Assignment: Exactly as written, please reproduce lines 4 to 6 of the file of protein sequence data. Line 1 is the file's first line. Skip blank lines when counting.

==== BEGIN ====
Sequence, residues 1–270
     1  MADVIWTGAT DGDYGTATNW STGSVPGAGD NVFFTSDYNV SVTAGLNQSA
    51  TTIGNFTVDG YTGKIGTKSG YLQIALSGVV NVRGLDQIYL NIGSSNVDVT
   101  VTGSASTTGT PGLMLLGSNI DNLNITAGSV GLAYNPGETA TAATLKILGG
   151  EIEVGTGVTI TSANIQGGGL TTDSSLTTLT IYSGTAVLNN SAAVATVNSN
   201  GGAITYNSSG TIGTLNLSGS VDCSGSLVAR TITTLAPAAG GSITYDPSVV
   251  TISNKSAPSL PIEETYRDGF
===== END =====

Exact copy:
   101  VTGSASTTGT PGLMLLGSNI DNLNITAGSV GLAYNPGETA TAATLKILGG
   151  EIEVGTGVTI TSANIQGGGL TTDSSLTTLT IYSGTAVLNN SAAVATVNSN
   201  GGAITYNSSG TIGTLNLSGS VDCSGSLVAR TITTLAPAAG GSITYDPSVV